Two drunk women forced the landing of a British Airways flight to France after their disruptive behavior was too much for the passengers, and while they tried to smoke in the lavatory, they continued to swear at children on the plane.
The non-stop flight was headed from London’s Gatwick Airport to Tunis before it was diverted to Lyon, France because of “the continued disruptive behavior of two female passengers,” according to the airline.
The women were drinking Malibu rum as they swore at children and reportedly threatened the family of a British Airways flight attendant.
One witness said they tried to storm the cockpit, thinking it was a funny act to do, before trying to hide in the lavatory.
“They decided they were going to meet the captain and marched towards the cockpit. It was very frightening,” the witness said.
“Our customers and flying crew deserve a safe and enjoyable flight experience,” an airline spokesperson said. “We do not tolerate any disruptive behavior onboard our flights,” the spokesperson added.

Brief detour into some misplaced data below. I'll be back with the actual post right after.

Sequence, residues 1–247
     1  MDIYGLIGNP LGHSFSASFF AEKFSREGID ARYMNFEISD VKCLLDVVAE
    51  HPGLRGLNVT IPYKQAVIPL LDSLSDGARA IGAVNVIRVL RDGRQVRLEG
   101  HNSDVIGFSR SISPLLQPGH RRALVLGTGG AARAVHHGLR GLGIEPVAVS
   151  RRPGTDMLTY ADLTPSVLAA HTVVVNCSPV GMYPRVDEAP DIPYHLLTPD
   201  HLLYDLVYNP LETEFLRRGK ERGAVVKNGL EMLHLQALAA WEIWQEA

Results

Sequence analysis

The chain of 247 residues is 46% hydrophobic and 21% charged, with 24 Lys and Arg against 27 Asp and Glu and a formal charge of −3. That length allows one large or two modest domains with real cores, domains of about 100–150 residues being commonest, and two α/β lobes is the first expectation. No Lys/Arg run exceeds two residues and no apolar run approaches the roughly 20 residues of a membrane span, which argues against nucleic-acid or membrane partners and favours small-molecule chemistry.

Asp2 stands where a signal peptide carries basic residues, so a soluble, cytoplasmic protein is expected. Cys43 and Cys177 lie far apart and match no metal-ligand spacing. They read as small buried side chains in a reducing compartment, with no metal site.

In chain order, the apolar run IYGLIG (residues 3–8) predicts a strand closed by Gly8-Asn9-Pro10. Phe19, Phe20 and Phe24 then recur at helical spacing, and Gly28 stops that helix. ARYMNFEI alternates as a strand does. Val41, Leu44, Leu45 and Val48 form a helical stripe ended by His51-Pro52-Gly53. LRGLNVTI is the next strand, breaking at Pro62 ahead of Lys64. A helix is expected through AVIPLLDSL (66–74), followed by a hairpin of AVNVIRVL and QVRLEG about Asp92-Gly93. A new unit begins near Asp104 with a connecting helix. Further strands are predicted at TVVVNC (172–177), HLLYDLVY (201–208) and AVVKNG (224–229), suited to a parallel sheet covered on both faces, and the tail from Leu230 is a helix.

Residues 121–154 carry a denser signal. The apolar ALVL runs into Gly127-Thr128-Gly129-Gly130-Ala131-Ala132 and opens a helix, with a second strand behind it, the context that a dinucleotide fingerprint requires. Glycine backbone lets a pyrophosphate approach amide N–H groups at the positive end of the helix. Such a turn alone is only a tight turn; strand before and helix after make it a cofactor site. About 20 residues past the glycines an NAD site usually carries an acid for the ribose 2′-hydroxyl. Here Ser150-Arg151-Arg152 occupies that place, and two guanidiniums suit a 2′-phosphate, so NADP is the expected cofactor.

“They were handed over to the custody of the French police and detained upon arrival in Lyon,” according to the airline.
Being drunk on any aircraft is a violation of Federal Aviation Administration rules. The same FAA Code of Federal Regulations that restricts intoxicated crew members also prohibits passengers traveling under the influence. The FAA’s General Operating and Flight Rules section 91:17 says that ” … except in an emergency, no pilot of a civil aircraft may allow a person who appears to be intoxicated or who demonstrates by manner or physical indications that the individual is under the influence of drugs — except a medical patient under proper care — to be carried in that aircraft.”
Passengers who cause a forced landing are either fined or have to serve a jail sentence.